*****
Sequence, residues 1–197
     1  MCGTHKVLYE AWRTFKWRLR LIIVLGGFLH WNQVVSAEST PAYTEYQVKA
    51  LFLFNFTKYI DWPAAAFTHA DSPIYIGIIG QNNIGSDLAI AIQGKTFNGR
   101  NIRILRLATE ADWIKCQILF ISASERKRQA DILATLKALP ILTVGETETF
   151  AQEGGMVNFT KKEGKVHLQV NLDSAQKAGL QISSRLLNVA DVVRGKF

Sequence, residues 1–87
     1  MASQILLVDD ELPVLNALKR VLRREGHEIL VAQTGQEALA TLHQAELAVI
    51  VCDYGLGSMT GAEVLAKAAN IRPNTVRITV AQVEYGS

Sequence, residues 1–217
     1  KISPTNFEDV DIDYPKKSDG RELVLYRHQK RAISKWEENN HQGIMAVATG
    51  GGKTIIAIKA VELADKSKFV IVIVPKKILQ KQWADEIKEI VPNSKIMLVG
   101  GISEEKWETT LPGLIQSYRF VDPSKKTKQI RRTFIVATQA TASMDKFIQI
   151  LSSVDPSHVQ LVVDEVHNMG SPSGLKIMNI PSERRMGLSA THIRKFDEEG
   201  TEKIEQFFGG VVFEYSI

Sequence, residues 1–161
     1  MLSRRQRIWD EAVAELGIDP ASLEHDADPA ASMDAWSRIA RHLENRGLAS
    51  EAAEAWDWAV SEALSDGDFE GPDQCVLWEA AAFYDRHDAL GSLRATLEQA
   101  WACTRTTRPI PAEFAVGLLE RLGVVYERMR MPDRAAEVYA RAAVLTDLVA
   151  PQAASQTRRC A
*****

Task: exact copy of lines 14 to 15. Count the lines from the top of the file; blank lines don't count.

   201  TEKIEQFFGG VVFEYSI

Sequence, residues 1–161